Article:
Tuesday night we went to Lake Charles to take on McNeese State.  We got out to an early lead, but as always there were lapses that cost us dearly.  In the second half, we were down by as many as nine but Bethany hit a shot to give us a five point lead with just under four minutes to play.  Then we made the exact same mistake that we had made when we were within two against ULL to give up an open three to bring them within two.   


They ended up forcing overtime, and we had a couple of chances to win again at the end of the first extra period, but two close shots in the final five seconds rolled just off the rim.  McNeese jumped to a seven point lead early in the second overtime, but I have to give our players credit – they are battling.  We fought back and took a one point lead with just under a minute to play.  We stopped them on the next possession, but we didn’t secure the rebound and they took advantage of their second opportunity to hit the game winning basket.  We got a good look to pull it out it as the buzzer went off but in the words of Tim Brando, the iron was unkind.  So what could have been a great ride home was another one of what might have been. 


This week the Dakotas are coming to town.  We host North Dakota State in a doubleheader with the men Saturday at 3:00 pm followed by South Dakota State Monday night at 7:00.  These are two great additions to our league.  They are two outstanding athletic departments – in addition to a terrific women’s basketball program NDSU has a football victory over Minnesota this year, and SDSU has road wins in women’s basketball in recent years over Kentucky, Southern California, Alabama, Oregon, and several other top programs.  Each will be challenging for us, so come on out and see how we do.  If you can’t make it, I’ll let you know how we do.  See you next week.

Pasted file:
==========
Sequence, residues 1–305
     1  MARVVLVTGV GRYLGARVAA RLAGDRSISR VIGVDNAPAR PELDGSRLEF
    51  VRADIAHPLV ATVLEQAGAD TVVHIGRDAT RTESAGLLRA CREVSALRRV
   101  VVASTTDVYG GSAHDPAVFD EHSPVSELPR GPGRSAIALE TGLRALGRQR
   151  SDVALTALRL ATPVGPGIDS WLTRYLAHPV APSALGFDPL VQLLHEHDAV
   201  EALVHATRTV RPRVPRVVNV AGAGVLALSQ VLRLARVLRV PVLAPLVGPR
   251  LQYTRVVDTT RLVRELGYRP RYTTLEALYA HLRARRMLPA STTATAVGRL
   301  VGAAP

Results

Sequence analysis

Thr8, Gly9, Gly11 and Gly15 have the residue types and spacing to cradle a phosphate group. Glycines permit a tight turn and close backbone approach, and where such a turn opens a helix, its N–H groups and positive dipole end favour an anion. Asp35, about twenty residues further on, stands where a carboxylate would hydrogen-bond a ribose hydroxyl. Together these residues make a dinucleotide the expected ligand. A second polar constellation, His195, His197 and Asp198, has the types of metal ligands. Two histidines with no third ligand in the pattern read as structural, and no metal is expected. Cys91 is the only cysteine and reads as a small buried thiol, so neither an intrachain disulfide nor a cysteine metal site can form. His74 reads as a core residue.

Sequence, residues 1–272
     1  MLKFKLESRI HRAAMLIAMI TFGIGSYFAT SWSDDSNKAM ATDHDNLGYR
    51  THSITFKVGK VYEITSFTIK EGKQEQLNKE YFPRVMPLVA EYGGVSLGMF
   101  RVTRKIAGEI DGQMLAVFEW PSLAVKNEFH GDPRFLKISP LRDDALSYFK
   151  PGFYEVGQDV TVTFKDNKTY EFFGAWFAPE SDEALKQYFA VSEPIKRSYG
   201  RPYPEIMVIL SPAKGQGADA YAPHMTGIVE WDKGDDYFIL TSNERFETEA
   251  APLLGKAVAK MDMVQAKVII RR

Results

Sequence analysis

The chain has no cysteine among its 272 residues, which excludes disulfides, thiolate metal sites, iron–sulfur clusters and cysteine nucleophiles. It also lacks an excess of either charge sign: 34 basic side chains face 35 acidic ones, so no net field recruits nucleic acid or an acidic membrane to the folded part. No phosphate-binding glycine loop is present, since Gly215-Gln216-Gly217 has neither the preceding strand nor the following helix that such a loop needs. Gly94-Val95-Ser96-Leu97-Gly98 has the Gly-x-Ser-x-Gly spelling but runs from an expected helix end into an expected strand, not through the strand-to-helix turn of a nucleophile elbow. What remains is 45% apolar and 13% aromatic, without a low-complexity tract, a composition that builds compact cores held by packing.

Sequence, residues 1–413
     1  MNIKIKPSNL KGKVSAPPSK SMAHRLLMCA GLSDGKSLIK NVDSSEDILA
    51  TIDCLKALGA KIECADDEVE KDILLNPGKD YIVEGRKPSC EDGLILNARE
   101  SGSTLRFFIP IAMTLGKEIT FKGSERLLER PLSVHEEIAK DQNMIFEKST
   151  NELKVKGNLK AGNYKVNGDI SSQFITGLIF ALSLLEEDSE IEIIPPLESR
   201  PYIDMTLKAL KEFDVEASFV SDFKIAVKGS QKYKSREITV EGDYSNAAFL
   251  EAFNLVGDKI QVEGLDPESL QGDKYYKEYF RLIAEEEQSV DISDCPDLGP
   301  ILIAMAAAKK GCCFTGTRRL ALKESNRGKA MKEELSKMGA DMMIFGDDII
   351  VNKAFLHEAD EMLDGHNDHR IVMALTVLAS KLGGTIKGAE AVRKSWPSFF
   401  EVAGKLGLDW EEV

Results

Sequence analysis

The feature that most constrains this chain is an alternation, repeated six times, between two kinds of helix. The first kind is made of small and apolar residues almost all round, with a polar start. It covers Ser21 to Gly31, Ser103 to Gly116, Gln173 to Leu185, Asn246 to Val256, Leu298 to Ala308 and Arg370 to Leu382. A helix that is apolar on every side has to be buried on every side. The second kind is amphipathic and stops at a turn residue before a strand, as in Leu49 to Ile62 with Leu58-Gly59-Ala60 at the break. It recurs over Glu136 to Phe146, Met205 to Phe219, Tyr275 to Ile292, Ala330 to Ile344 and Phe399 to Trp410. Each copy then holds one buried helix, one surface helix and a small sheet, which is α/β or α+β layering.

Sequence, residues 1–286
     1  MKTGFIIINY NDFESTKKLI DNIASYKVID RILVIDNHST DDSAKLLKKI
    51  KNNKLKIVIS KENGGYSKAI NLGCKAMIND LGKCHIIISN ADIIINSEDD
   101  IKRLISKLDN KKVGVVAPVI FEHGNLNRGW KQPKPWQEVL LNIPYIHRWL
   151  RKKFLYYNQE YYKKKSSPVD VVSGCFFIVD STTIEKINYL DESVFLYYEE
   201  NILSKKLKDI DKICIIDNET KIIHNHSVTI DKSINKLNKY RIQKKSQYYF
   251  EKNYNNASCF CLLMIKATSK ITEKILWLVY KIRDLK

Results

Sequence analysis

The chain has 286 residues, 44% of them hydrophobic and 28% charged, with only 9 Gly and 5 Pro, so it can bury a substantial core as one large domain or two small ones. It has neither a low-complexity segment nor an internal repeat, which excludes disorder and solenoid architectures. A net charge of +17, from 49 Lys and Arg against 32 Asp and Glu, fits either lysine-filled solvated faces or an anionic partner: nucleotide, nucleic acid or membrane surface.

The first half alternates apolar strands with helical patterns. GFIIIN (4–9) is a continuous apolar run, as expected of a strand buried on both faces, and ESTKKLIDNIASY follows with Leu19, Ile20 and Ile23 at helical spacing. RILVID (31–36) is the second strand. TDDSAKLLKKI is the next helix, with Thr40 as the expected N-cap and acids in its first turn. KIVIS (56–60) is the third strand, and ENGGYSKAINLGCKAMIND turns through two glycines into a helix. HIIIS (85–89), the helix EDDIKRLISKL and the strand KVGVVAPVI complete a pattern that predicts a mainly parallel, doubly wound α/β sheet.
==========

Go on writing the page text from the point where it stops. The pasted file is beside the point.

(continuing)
Go Centenary!




Hello again from Centenary!


A reality of college basketball is players miss a lot of the holidays most people get to enjoy with their families.  This Thanksgiving was no different; while 90% of Americans were getting ready for their feast we gathered in the Gold Dome at 9:30 am to begin preparations for Southeastern Louisiana.  For an hour and a half there were no visions of turkey and cranberry sauce.  They were replaced by thoughts of screening angles, post moves, and defensive rotations.  Luckily for us Claire and our moms were hard at work in our kitchen preparing the usual Thanksgiving fare.  When I walked in after practice her mother was making home made rolls from scratch while mine was finishing off her dressing.  The team arrived at 1 p.m. to find the following: turkey, ham, a turducken, two types of dressing, cranberry sauce, butterbeans, macaroni and cheese, peas, sweet potatoes, green bean casserole....well you get the idea.  When the first car arrived and our front door opened I heard Anne say “oh, it smells like Thanksgiving”. We had a great meal, lots of smiles, and while the players missed the holiday with their real families at least they had their basketball family to spend the day with.  The food was great and the fellowship was even better.  Thanks Granny, Grandma, and Claire.  You did great.